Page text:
Despite the existence of the legal obligation in article 36 of the 1977 Additional Protocol I to the Geneva Conventions, by which states must review any new weapons they develop or acquire, the development of weapons technologies is not properly scrutinised. Few states undertake such reviews and those that do undertake them provide scant detail on the assessments they have made.3
One might ask whether cluster munitions, a weapon that since 2008 has been banned by most of the world’s nations, would have been developed if an adequate level of scrutiny had been applied by the states developing or acquiring them. Of course, such decisions are political as much as they are technical or legal and the level of consideration given to the humanitarian impact of a weapon is not necessarily the same as the level of consideration given to its perceived “effectiveness” in countering a perceived “security” threat.
Contemporary experience with the development and use of armed drones provides a good example of the negative results of this inadequate scrutiny. It is unclear whether legal reviews of armed drones – as an overall weapons system – have been undertaken by any state and, if so, what the assessments were and what consideration was given to the various ethical and humanitarian objections that have been raised in relation to armed drones. Could such legal reviews be expected to take into account the way in which armed drones facilitate the potentially limitless expansion of the battlefield, allowing political leaders essentially to kill anyone, anywhere, at anytime? Could they be expected to consider the psychological impact armed drones have had on communities in Pakistan, where children are afraid of the blue sky and parents are reluctant to send them to school on clear days for those are the days on which drone strikes are more likely?4
Whether or not one has any confidence with the existing processes for the review of weapons before they are developed, these concerns should be at the forefront of international discussions on lethal autonomous weapons systems (aka “killer robots”). Far from being an alternative to new international law prohibiting the development of autonomous weapons – as states such as the US and UK have argued – properly conducted weapon reviews should provide a clear basis for the prohibition of lethal autonomous weapons systems.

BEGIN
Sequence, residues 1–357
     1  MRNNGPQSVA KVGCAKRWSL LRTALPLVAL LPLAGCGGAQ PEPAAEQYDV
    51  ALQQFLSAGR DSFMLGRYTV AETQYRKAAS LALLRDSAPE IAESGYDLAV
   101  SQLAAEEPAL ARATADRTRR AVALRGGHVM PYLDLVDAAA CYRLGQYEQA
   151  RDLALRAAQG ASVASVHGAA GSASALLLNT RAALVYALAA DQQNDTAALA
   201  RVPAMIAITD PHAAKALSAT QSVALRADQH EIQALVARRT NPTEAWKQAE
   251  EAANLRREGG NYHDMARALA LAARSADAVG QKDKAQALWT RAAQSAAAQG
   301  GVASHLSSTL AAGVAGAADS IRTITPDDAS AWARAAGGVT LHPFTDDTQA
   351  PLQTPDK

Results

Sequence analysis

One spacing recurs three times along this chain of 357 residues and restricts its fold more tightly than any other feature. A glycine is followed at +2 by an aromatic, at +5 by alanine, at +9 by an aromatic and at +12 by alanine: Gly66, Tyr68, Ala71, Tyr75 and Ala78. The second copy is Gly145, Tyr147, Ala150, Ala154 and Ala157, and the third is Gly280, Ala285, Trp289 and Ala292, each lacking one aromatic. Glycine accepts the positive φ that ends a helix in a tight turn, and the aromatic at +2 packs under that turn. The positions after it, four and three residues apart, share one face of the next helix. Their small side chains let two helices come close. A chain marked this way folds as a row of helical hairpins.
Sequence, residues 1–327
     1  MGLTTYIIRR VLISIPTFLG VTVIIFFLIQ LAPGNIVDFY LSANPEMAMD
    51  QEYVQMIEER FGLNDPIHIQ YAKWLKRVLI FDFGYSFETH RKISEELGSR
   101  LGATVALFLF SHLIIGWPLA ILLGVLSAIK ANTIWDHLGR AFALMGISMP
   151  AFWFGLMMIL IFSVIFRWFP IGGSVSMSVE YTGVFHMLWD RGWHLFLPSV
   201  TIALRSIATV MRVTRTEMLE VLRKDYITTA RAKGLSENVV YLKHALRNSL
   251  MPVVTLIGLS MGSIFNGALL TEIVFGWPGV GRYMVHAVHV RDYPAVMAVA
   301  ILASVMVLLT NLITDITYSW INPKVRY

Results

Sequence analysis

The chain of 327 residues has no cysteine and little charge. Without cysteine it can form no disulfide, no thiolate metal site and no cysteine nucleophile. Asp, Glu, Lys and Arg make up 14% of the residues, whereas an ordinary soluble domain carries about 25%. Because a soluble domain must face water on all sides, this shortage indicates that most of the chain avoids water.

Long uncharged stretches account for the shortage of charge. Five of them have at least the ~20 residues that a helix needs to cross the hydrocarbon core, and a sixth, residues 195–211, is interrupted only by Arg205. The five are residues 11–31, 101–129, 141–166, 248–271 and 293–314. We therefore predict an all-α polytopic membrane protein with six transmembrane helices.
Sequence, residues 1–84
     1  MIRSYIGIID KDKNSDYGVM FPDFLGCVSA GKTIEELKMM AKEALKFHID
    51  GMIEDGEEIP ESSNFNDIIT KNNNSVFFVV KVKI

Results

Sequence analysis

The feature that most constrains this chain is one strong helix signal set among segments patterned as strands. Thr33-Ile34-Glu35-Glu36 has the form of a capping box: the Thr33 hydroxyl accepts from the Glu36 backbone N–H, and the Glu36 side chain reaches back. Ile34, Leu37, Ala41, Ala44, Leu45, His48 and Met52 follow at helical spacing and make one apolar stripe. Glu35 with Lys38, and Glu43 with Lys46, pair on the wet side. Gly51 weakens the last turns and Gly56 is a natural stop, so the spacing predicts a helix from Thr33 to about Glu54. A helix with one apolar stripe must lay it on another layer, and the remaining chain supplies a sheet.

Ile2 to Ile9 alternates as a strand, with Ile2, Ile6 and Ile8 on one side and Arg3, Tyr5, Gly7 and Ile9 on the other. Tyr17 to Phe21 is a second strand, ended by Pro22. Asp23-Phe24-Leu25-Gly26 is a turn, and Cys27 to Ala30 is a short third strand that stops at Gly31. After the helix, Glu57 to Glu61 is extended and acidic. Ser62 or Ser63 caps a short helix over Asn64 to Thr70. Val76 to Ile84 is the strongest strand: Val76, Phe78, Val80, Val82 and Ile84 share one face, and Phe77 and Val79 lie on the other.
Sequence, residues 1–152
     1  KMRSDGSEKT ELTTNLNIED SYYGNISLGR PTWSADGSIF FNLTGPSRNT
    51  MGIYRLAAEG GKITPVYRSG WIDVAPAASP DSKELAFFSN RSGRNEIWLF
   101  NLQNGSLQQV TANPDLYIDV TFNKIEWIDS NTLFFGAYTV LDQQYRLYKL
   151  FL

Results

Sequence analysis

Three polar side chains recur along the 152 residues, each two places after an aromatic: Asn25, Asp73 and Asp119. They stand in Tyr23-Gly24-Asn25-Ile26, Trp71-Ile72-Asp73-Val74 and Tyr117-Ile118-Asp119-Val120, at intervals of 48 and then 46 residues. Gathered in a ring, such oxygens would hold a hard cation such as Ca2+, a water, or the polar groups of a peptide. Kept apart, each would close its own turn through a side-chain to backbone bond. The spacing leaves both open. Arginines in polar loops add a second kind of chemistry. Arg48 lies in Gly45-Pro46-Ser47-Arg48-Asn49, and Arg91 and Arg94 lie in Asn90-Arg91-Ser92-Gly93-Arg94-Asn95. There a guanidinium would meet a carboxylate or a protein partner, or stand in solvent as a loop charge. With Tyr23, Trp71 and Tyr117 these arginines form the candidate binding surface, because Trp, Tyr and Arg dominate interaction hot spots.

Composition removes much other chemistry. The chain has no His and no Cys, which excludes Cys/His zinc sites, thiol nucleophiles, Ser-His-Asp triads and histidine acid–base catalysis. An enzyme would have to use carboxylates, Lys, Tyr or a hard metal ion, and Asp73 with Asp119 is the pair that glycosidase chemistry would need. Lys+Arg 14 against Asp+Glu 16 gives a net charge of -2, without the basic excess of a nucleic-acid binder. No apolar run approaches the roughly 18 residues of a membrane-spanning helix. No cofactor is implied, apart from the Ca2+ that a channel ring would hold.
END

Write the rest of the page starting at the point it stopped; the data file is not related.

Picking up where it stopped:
A next generation of weapons systems that are able to select their own target objects and fire upon them, without a human being directly involved in either the selection of the target at the time, or pressing the button to fire the weapon, are not a distant possibility. They are a very real prospect. Their development would constitute an attack on ethics, human rights and international law.5 Their use would almost certainly fuel injustice and inequality. States should prohibit their development and use now, taking advantage of the international discussions that have begun at the United Nations. A window of opportunity is open, and states should act without delay before it closes. If not, history suggests that the development of lethal autonomous weapons systems will only further the gap between the wealthy and powerful states and those that command less military and financial might.
Inequality in the production, transfer and impact of conventional weapons
Taking the Stockholm International Peace Research Institute’s (SIPRI) 2014 data on the top 20 arms exporting countries, which does not include data on small arms transfers, this list is dominated by the US, Russia, and China, the NATO states and other highly militarised countries. The list of the top 20 arms importing countries, by contrast, includes lower-income or developing countries such as Afghanistan, Algeria, Egypt, Indonesia, Iraq, and Venezuela.6 Looking at this data on the top 20 exporters against the top 20 importers (excluding the importers that are also on the top 20 exporters list), the difference in total GDP is USD 51,749,949 million versus USD 6,677,207 million. The average per capita GDP for these same two groups is USD 38,700 versus USD 12,954.